On Tuesday night of this week, I went along with my girlfriend to see Eagles of Death Metal in the Olympia Theatre in Dublin’s city centre. It was my fourth time to see them, so I had a fair idea of what I was in for. Even so, I wasn’t expecting it to be as magnificent as it was. The band loved us, and we loved them. There were regular chants of “Jesse! Jesse! Jesse!” in between songs, with each track receiving rapturous applause. For his part, lead singer Jesse Hughes was visibly emotional; he seemed almost moved to tears after walking back on stage for the bands encore. He pointed out that being a singer in a rock and roll band is the best job in the world, and that, in reference to the show, we were all in it together, much to the enthusiasm and adulation of the crowd.
So on that very Friday, when news began to surface of a series of horrendous attacks around Paris, one of which was at an Eagles of Death Metal gig the the Bataclan Theatre, I was positively horrified. I can imagine the sort of people that were in attendance at the concert. Teens and 20 and 30 somethings out on a Friday night to enjoy some light hearted rock music. What should have happened is that it should have built to a crescendo similar to the Dublin show, where it essentially ended in a love-fest between the band and their audience. But tragically, frighteningly, the concert was interrupted by 3 men clad in black armed with guns and explosives, who began to open fire on the attendees of the venue. Between this heinous attack and the six mass shootings and three suicide bombings across Paris, the death toll reportedly stands at 129, with 89 of these victims at the Bataclan Theatre. By now, terrorist group ISIS has claimed responsibility, in retaliatiation for France’s bombing of Syria and Iraq
Now, I do realise that on the very same day, there were further horrendous atrocities committed in both Lebanon and Baghdad, but something about the Parisian attack hit closer to home for me. I’ve gone to concerts literally hundreds of times since I was 13. The fact that there are people in the world who can so callously dispose of human life is positively heartbreaking. Human life which bears no relationship to whatever fucked up ideology ISIS is trying to inflict upon the world.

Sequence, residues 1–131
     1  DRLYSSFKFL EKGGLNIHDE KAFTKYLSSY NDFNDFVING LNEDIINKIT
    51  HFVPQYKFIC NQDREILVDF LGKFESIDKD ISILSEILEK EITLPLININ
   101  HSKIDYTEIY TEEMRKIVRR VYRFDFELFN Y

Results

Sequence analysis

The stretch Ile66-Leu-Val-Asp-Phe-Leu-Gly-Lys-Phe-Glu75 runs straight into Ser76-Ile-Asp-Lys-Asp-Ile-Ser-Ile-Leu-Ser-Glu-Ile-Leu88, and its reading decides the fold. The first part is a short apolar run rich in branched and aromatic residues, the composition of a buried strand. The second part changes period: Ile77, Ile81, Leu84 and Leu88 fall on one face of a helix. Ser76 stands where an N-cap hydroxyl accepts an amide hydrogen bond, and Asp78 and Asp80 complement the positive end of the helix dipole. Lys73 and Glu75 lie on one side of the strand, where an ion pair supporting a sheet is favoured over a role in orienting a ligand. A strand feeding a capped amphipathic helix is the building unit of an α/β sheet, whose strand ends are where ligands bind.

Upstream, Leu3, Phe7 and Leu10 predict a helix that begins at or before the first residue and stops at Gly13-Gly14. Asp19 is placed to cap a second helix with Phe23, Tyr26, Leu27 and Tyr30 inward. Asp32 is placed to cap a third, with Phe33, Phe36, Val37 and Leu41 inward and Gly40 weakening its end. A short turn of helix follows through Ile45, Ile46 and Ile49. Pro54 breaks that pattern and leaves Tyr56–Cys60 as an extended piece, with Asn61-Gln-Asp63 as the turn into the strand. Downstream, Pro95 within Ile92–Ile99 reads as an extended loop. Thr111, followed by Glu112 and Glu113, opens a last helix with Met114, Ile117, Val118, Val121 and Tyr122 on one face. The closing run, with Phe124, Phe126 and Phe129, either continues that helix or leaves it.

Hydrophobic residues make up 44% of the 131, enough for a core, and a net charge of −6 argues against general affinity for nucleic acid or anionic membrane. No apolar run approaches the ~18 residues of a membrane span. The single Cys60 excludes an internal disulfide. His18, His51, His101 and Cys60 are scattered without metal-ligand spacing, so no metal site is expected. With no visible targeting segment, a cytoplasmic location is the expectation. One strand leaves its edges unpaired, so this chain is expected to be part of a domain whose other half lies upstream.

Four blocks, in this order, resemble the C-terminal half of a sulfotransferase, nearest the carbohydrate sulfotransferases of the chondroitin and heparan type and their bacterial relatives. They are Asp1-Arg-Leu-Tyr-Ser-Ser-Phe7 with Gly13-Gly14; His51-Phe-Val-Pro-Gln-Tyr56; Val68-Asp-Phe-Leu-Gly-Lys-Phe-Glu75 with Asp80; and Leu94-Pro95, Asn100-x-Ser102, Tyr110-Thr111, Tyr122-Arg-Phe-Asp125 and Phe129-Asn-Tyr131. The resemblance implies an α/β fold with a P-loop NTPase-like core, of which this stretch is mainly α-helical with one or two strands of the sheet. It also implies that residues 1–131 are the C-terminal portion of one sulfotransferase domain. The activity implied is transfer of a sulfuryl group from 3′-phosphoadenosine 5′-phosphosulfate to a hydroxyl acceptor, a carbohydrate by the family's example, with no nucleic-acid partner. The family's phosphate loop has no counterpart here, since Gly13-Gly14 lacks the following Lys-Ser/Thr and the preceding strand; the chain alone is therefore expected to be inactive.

Meanwhile, on social media, the paranoid and ignorant among us have been quick to blame Muslims as a whole, forgetting that there are 1.6 billion Muslims in the world. If all 1.6 billion Muslims were terrorists at heart, we would all be well and truly fucked.
Then there are those who are assuming that the atrocities were committed by refugees, with several counter posts pointing out that the likes of ISIS are the very sort of lunatics that refugees are in fact trying to escape from. There is now also a campaign to get Eagles of Death Metal’s cover of “Save a Prayer” by Duran Duran to Number 1 in the UK. Personally, I quite like the idea, although the majority of people’s comments under NME’s article on the matter are insisting that it’s a shit one. And of course there’s that contingent of people who insist on telling you that “The band themselves would hate this.” Thank Christ Andy from Facebook is there to let us know the Eagles of Death Metal’s inner most thoughts. Still, if you don’t agree with the idea of the campaign (and I can genuinely see your point if you don’t, given that there’s no way of knowing whether or not anyone receiving royalties will donate them to charity as a goodwill gesture) then why not donate to the French Red Cross here, or another charity of your choice. Or even if you do support the campaign, why not donate anyway?
As for the future, all we can hope for is tighter boarder security in a bid to prevent any further tragedies of this nature. One thing is certain though, we should never be afraid to leave our homes, go to work, go to a restaurant, go shopping, go to a funeral or go to a concert. Ever. Fuck terrorism. What the world needs now, is Peace, Love and Death Metal.